Pakistan’s actions over the last few months, if analysed carefully, would possibly project that Pulwama was planned and intended with a reason. It was aimed to compel India to act at a time when Pakistan was expecting it. It could be a means of countering the success of the surgical strike, about which a movie was released recently, casting doubts on the truthfulness of their army.
Since India refused acceptance of the offer of talks on the sidelines of the UN General Assembly session between the two foreign ministers and ruled out attending the SAARC summit, an anti-India sentiment had been brewing in Pakistan.
On the diplomatic front, while Pakistan does celebrate Kashmir Solidarity day every year, the organisation of a seminar in London was a first. It led to India approaching the British government to prevent the conference from being made into an international spectacle. Pakistan’s foreign minister has been raking up Kashmir in every forum, seeking to anger India. He even wrote to the UN Secretary General seeking his intervention in Kashmir.
Economically, Pakistan has been in dire straits. Its rupee has devalued to 140 to a dollar and it has reserves for just two months of imports. Yet its budget for the current year marks 32 per cent of its expenditure on defence and majority of the balance would most likely go into servicing its debts. The funds received from Saudi Arabia and UAE have been used to repay China. There are almost no funds for social welfare and development.
The Pakistan army has tested multiple weapon systems in recent times. The most recent was the Nasr tactical nuclear missile. The only enemy which Pakistan has is India and hence its force development is aimed solely to counter India. The increase in budget is because of the projection of increased Indian threats.
While the Pakistan army rejected Indian claims of the surgical strike post the Uri attack and ensured that it was supported in its actions by its own media, it remains aware of the fact that many in the country disbelieve it. It was reinforced by recent celebrations of its second anniversary last year by the Indian government and the release of a motion picture on it. Further, it has regularly been suffering losses along the LoC and Baluchistan, which may not be covered in the press.
Thus, it launched Pulwama, seeking to project it as an inside attack on Indian security forces. It was aware that India would not move ahead with an open declaration of war based on Pulwama alone. For declaration of war, the level of terrorist action must be far greater.
The Pakistan ambassador to Afghanistan even warned that Afghan peace talks would be impacted in view of any Indian strike, for which he was rebuked by the Afghan government. Its foreign minister wrote twice to the UN seeking intervention to resolve the growing tensions post Pulwama. In each case his letters were intended to provoke India, as India has ruled out third party mediation.
Post the Pulwama attack, it began posturing for an Indian strike. Its DG Inter Services Public Relations (DG ISPR), COAS and even the PM, had threatened India against it. Some even played the nuclear card.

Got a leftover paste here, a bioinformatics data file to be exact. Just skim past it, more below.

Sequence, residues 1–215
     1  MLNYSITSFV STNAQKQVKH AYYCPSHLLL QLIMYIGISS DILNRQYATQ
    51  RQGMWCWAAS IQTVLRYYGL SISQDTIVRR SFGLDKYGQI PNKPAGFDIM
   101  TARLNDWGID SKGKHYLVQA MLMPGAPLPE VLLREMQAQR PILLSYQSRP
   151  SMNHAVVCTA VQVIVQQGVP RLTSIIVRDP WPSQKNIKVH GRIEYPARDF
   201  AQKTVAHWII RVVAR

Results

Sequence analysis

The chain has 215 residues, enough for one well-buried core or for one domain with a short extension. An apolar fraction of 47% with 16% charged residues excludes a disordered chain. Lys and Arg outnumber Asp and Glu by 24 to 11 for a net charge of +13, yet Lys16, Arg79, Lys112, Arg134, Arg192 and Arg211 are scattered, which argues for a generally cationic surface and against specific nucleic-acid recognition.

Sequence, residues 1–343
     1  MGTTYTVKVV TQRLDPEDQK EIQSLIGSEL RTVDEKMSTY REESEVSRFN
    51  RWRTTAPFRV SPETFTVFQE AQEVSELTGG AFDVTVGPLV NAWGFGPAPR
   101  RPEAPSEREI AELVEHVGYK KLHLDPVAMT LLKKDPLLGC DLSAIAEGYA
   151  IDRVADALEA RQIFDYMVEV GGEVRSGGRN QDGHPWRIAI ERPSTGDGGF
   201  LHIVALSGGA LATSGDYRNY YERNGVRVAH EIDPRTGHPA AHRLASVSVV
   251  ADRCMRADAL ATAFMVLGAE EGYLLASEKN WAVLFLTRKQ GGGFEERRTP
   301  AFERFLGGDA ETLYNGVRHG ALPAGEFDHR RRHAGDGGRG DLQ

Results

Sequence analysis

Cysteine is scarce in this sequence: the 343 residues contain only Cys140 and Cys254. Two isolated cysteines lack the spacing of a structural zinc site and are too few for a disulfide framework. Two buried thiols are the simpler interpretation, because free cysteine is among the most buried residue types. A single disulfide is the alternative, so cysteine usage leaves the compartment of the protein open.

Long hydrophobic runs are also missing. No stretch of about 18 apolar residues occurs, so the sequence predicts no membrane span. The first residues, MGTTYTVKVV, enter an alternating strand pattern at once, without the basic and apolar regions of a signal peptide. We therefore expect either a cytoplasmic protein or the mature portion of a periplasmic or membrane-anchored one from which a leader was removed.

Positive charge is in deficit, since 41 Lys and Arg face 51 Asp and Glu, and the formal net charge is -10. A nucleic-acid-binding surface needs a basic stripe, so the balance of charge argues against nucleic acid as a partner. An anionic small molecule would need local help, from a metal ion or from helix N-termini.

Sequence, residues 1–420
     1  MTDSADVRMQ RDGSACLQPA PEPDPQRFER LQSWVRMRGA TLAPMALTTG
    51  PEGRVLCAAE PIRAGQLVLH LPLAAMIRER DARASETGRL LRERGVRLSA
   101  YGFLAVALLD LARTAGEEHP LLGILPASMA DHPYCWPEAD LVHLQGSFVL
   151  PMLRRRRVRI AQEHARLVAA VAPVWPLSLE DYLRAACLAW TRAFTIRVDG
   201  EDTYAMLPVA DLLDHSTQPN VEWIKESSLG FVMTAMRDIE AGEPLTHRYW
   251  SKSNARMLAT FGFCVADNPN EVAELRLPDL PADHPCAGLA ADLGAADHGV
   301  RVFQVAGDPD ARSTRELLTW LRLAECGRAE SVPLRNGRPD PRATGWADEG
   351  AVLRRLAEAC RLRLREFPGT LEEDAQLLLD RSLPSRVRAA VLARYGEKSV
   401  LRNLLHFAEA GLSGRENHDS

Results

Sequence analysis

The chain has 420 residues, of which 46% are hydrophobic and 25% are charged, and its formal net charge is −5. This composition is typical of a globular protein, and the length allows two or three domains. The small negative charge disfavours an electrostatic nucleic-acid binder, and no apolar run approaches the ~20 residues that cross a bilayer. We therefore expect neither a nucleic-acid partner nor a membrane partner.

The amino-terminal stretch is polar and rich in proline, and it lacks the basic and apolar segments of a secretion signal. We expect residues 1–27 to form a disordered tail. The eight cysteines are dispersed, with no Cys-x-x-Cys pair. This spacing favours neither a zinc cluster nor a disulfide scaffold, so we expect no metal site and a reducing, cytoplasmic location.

The Pakistan army had mobilized and written to hospitals as far deep as Baluchistan to earmark beds for battle casualties. On a visit to the LoC the Pak army chief, General Bajwa, warned India about any misadventures. Pakistan was almost certain India would act in some manner.
Therefore, it is evident that the suicide attack was planned and launched with the intention of drawing an Indian army reaction. Its early mobilization, even before India had even contemplated action, indicates that Pakistan wanted to be prepared, unlike being surprised the earlier time. It was also aware that being the election season, India would have little choice but to respond.
The Indian response, timed to perfection, with no collateral damage, shocked Pakistan. It was adding insult to injury, when India declared that they targeted the same camp the details of which had been shared with Pakistan, which Islamabad and Rawalpindi refused to acknowledge. They had never expected an air assault, as air power is clearly an inclination of escalation. They were prepared for a surgical strike, hence were left shell-shocked. Since the strike was deep within Pakistan, they had to acknowledge at least the crossing of the LoC, which they did.
They have not disclosed the causes of the failure of their entire air defence network, which permitted Indian aircraft to enter and leave without being challenged. The acceptance of violation of airspace implied that Pakistan would have to react in some form, more for face saving than to escalate and retaliate. Thus, as a show of force, they launched 24 aircraft of all varieties. They were intended for a shallow entry, quick release of payloads and exit.
The mere presence of eight Indian aircraft caused panic and forced a rushed withdrawal. In the ensuing dogfight, they lost an F16 to a vintage MIG 21 Bison, however ended up with a captured Indian pilot. Indian claims of Pakistan attempting to target Indian army installations as an escalation has left them worried. The de-escalation had to come from them, as options for retaliation were left with India.
It was this threat which forced them to seek peace and order the return of the pilot, unharmed. Once again, what Pakistan had planned and expected, failed. They ended with a black eye. Pakistan continues to be in denial mode, while inputs of damage of the successful Indian strike begin to flow. It has even hidden from its own public the loss of a F 16 and the death of a brave pilot. When will it learn to respect its fallen soldiers? When will it learn that every time it attempts something, it ends up with a bloody nose and is forced to hide the truth? The truth will emerge, tomorrow if not today, embarrassing them.
(The writer is a retired Major-General of the Indian Army)